It is terrifying for me to use a public urinal when someone is using the urinal next to me. The problem is even worse when the person next to me is someone I know. It gets a little better if I use a stall instead or if there’s a lot of noise in the restroom, but for some reason, it’s just gotten so hard to pee next to someone. I can’t explain it.
Well, not exactly pee-shy, but when there are lots of people around, I just like to show off…
No no, seriously, I can’t do it when people are talking around me. I just can’t.
And its worse when there’s a queue behind you and people keep trying to edge sideways to see if you’re done.
This happened a few times, and I had to just walk off and come back later.
You know, its funny, because sometimes I am pee shy, and other times I’m not. But when I am, I’m thinking “Just pee, already!” I don’t exactly feel ‘nervous’ being proximity to other people at the moment, I just can’t always go.
My maths teacher used to call it SBS, or Shy Bladder Syndrome. I did have a case of SBS just last night. But I blame on the fact that there was a bathroom attendant standing no further than a metre from me, who I swear was watching me. :eek:
I used to be too. If I ever feel the shyness creeping in I just stare at the wall and think about having, um,…sex. I don’t get aroused, but it takes my attention off of the others around me who may or may not be waiting for me to finish so they can have their turn.
Works every time. Try to think about a certain woman in your past and a certain position. Then use that same image the next time and the time after that…etc. Soon your body will feel trained to pee when you think that thought. Hopefully you’re in front of a urinal when these thoughts come up.
If sex doesn’t work for you, or you’re a virgin, then think about any topic you feel passionate about, - baseball, football, kicking the dog, whatever works. Once your mind is off of your surroundings you should be able to pee freely.
I’ve had similar problems. I have what medical professionals call a ‘nervous bladder’ and fellow shipmates in the Navy called ‘stage fright.’ Same as your ‘pee shy’ but aggrivated by having to do annual whiz quizzes, plus random spot checks, with a monitor looking over one’s shoulder. The only solution I’d ever found was a brutally simple one: more (hydraulic) pressure. Yes, keep drinking until your bladder is in such pain it doesn’t care about such minutia as who might hear/see/smell you voiding objectionable bodily wastes.
Seriously, in your situation, where you don’t seem to be worried about having to actually function under supervision, I’d just learn to hold it for a less crowded time. Or get used to the privacy of a stall, which is what I usually do. A good book and a stall with an actual door and I can void anytime.
Now, technically, it is possible to train yourself out of having a nervous bladder but it involves trying to piddle in company as much as possible. As I don’t care to live in NYC and use only public restrooms at the Port Authority bus station, I’ve never cared to worry about this myself. Of course, YMMV
I haven’t overcome it - even at home, if someone is waiting for me, it takes me ages - and them shouting at me to hurry up doesn’t help either.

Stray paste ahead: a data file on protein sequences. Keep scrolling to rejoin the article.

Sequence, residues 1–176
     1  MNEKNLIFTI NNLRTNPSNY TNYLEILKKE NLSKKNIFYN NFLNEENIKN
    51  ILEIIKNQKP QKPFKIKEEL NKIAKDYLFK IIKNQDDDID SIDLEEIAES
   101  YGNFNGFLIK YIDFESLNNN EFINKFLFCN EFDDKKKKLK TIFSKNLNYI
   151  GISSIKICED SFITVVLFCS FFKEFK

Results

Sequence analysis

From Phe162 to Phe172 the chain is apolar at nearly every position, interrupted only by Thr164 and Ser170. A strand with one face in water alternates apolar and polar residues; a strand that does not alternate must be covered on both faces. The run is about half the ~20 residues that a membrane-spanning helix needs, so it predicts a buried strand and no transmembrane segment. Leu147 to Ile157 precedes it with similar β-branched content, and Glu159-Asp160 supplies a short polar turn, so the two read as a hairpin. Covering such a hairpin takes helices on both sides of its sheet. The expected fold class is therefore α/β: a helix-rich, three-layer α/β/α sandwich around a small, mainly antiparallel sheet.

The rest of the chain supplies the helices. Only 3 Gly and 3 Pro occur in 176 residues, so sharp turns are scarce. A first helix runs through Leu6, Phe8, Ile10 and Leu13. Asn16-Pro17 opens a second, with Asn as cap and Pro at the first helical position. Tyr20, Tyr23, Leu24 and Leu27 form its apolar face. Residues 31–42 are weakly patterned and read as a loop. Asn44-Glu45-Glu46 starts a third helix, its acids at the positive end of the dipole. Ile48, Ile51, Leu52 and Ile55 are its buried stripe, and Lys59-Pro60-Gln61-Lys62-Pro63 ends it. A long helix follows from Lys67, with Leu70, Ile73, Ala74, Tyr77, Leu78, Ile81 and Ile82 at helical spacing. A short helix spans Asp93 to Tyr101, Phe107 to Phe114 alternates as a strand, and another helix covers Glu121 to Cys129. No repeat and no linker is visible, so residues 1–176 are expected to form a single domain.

This syndrome first appeared when I went to boarding school, where the toilet in the girls dorm was open to the rest of the bathroom, and you could see your reflection in the mirrors over the washbasins [and so could the people getting washed and watching you]. I started sneaking out after lights out to have the bathroom to myself. It’s been a problem for me ever since …37 years later.
IIANM all the posters who have confessed to being pee shy up till now are male.
I am female and when I was in my late 20s, over ten years ago now, I went through a brief phase of pee shyness. Couldn’t do it if I knew - or suspected - that someone was within earshot. I would never go to the loo with a friend, the way so many girls do, including me in my younger days.
The turning point came when I was sitting in the cubicle in a restaurant WC, knowing that one or two others were waiting outside. I made some joke about having an absurd hang-up when I came out, and one of them told me she was a therapist who had helped several people with this very problem. She told me that there are some people who can’t take long haul flights because they can’t pee in plane toilets!
Soon after this, the problem vanished. I like to think it was because of the discovery that I wasn’t uniquely freakish.
I too suffer from nervous bladder. In unison now…“Hi, Red Stilettos.” If someone is waiting for me, particularly a stranger waiting for the stall, I can’t go.
But, I discovered a trick when I had to give a sample at the doctor’s office. My appointment was early in the morning and, in addition to nervous bladder, I just didn’t have to go. I tried drinking water. I tried running water. I tried willing it to happen. Nothing. Then I figured I might as well use that time to do something, so I started rehearsing a monologue that I was going to do in class later. Bingo! As soon as I took my mind off of it, I peed.
Having discovered that handy little trick, I kept using that monologue whenever I was in need. Now, 10 years later, it’s become a Pavlovian response. Whenever I start in on the opening lines, I immediately have to pee.
There’s a Stephen King short story (I think it was called “The Moving Finger”) wherein the main character suffered from SBS and could only pee by listing the prive numbers in his head. Sometimes he’d get all the way up to, like, 593 before he could get it going.
Have you tried talking to your penis? Seriously, call it by some silly name like todger, and try to persuade it to go wee. In no time at all there will be noone left in the rest room to cause you to be shy.